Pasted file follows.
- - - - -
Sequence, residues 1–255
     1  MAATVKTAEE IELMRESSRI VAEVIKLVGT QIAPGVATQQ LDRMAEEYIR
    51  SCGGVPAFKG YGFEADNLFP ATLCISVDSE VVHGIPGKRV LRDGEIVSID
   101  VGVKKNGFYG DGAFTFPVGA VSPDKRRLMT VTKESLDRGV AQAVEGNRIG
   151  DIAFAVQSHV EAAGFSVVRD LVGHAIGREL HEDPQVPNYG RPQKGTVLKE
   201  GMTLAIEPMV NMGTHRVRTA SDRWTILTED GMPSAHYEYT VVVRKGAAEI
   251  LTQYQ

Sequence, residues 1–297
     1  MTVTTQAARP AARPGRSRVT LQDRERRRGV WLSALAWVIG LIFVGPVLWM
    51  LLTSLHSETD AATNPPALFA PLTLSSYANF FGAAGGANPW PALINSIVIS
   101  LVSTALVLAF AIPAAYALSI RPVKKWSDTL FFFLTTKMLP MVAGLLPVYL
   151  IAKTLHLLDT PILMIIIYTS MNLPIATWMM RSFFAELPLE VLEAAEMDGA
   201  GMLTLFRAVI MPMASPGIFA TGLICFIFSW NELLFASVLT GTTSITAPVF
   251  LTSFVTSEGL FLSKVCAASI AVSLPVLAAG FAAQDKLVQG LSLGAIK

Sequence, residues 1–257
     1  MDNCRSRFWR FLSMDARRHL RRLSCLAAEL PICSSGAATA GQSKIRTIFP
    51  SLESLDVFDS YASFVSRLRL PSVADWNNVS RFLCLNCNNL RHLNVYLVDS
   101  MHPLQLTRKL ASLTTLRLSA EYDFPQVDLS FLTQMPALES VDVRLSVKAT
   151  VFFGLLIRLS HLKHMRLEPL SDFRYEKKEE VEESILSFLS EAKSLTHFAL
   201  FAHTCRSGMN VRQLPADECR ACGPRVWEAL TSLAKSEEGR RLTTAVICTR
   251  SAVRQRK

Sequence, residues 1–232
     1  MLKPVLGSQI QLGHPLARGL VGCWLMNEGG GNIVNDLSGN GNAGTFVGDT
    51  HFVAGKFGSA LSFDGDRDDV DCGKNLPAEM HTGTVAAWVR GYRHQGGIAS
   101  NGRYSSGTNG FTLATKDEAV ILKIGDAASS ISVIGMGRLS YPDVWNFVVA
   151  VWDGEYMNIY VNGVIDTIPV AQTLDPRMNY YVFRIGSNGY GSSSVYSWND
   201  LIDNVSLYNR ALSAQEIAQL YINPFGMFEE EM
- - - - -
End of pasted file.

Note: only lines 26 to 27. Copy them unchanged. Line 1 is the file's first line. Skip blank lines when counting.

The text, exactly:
   151  VWDGEYMNIY VNGVIDTIPV AQTLDPRMNY YVFRIGSNGY GSSSVYSWND
   201  LIDNVSLYNR ALSAQEIAQL YINPFGMFEE EM